In order to design effective and comprehensive awareness and educational campaigns targeting parents and future parents in Qatar, it is necessary to understand current parental behaviors, knowledge and attitudes around car safety seat use or non-use. With a clear understanding of behaviors, knowledge, and attitudes it will be possible to develop educational interventions that will have the greatest potential to impact behaviors. In this study, the usage of car seats within the residence of Qatar with children currently under the age of 12 is evaluated in order to develop insight into this safety-related behavior that effects vulnerable road users (young children). The main objective of the study is to provide a comprehensive understanding of road safety culture and norms related to car seat usage by Qatari residents, a research topic that has not formerly been considered in the State of Qatar, in order to inform effective and comprehensive interventions to embolden car seat use, both legislative and educational. To achieve the study objective, a survey instrument was designed and utilized. The survey included a set of questions related to demographics (nationality, age, age of children, education level, etc.), a set of questions to assess parents’ car safety behaviors, a set of questions to assess parental knowledge of child passenger safety, and a set of questions to assess attitudes regarding the use of child safety seats. Since both Nationals and expats living in the country drive on the roads and the Qatar government is concerned with the safety of all children living in Qatar, a broad sample of Doha demographic was covered. The data was collected from a variety of parents living in Doha, such as Qatari nationals, Arab expats, European and North American expats, Asian expats, and others living in the country.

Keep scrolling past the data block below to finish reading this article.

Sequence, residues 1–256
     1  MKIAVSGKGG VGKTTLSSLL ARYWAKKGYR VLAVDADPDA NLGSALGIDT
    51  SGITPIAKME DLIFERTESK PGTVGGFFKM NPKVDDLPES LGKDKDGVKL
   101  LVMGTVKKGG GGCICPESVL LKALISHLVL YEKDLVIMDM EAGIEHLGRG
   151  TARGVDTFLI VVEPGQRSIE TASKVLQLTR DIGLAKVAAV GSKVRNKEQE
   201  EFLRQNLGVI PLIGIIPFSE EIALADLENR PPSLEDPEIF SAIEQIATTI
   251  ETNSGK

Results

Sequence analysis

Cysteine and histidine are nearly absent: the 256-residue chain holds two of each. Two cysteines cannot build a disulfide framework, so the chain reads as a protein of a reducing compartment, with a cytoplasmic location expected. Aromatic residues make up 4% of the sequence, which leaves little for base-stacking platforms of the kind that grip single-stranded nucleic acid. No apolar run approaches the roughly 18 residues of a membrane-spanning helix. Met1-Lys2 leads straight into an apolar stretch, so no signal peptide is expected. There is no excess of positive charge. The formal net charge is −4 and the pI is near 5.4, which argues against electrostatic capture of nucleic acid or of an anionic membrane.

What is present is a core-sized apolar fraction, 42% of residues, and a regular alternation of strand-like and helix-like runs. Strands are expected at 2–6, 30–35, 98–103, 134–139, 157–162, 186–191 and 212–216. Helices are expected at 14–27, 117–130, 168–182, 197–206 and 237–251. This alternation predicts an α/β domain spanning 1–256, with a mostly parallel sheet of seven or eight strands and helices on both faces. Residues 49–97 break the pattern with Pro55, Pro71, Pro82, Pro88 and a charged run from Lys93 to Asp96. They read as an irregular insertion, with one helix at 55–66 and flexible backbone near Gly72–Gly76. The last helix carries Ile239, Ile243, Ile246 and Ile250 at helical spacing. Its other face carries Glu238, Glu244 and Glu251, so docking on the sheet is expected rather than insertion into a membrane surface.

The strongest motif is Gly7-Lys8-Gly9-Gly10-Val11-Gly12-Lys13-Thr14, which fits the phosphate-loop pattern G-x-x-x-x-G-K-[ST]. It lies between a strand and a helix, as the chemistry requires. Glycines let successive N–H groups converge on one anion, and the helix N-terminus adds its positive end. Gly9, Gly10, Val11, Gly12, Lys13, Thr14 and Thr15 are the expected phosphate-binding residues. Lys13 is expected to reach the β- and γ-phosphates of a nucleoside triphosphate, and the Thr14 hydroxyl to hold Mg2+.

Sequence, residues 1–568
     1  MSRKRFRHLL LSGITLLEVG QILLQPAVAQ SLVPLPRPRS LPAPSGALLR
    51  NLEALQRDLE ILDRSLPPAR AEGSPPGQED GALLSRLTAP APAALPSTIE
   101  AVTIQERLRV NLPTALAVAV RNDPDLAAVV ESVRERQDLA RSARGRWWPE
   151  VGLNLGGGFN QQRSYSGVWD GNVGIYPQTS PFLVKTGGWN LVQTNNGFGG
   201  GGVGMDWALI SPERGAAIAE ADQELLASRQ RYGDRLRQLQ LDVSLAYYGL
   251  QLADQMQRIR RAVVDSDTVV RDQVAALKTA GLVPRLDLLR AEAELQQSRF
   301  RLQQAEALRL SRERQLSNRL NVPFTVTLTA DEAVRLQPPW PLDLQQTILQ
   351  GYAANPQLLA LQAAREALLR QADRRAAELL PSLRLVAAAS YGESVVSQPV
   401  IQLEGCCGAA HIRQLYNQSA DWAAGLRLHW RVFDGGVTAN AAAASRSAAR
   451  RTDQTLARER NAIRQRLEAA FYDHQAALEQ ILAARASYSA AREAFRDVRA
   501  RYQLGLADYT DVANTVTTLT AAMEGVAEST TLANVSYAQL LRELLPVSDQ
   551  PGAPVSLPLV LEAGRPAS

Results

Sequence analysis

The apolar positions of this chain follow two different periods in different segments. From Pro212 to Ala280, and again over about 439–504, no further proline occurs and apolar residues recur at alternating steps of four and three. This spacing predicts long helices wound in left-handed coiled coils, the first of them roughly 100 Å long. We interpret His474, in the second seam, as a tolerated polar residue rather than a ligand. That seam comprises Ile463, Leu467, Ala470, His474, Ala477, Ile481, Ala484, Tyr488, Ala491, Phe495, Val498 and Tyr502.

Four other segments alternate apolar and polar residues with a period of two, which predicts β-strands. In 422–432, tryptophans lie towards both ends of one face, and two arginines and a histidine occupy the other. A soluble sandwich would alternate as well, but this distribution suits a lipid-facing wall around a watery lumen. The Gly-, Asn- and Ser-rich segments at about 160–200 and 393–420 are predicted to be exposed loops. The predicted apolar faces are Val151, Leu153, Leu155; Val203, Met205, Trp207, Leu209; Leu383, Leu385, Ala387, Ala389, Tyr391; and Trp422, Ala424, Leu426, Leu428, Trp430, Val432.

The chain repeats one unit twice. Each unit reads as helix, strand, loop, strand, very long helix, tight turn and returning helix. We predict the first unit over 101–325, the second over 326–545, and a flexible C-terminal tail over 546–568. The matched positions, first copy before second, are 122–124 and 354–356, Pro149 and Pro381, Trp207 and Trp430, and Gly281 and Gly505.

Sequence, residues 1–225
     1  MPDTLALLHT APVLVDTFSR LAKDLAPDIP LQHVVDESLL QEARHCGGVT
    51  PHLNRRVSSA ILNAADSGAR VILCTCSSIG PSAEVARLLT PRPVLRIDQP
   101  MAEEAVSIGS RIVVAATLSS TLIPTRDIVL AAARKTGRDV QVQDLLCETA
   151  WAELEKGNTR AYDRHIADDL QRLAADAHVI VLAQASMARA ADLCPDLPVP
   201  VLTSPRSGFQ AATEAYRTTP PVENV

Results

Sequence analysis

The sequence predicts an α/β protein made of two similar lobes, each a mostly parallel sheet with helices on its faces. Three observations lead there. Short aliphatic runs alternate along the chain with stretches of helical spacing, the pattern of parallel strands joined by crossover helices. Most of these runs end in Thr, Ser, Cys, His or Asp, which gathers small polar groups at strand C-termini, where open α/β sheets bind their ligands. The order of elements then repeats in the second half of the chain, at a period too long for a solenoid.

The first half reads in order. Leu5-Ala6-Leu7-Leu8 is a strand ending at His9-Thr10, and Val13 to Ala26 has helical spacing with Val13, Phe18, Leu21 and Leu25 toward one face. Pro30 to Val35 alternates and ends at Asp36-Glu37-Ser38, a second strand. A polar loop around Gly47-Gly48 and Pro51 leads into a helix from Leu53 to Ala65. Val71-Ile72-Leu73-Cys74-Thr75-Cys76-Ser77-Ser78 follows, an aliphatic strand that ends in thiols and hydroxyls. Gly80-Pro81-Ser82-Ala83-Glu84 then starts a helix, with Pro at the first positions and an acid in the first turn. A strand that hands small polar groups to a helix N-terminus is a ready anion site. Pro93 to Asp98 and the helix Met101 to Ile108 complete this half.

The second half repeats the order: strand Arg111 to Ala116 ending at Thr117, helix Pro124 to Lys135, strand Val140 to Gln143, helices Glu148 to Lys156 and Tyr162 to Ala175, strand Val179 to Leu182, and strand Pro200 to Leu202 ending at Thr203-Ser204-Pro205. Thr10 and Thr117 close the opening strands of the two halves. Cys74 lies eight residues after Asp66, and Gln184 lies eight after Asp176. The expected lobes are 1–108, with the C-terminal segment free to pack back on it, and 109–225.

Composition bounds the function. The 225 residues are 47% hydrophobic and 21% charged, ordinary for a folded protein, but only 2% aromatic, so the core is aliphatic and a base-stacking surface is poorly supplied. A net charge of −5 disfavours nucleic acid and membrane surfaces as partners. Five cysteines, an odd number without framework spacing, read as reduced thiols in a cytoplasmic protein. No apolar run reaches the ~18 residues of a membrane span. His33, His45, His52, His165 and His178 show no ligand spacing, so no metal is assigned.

The study revealed low utilization rates of child safety seats amongst Qatari citizens, Asian and Arab expats. For those reported the usage of child safety seats, the percentage decreases with each additional child, and as the age of the child increases. It was found that despite parents acknowledging their substantial benefits for in-vehicle child protection, the mainstream behavior is to not use a child safety seat. The societal norm was also not to use safety seats. Furthermore, several behaviors were found to be associated with the use of safety seats as the use of seat belt by parents. This may indicate that the creation of mandatory car seat usage legislation in Qatar would not necessarily translate to compliance, as current seat belt law is disregarded. Another research recommendation is that immediate intervention research take place as it is vital to increase children safety seat usage in Qatar. An understanding of what would oblige more parents to use safety car seats is crucial.
Keywords: public health, road accidents, safety car seat, Qatar, awareness campaigns, survey.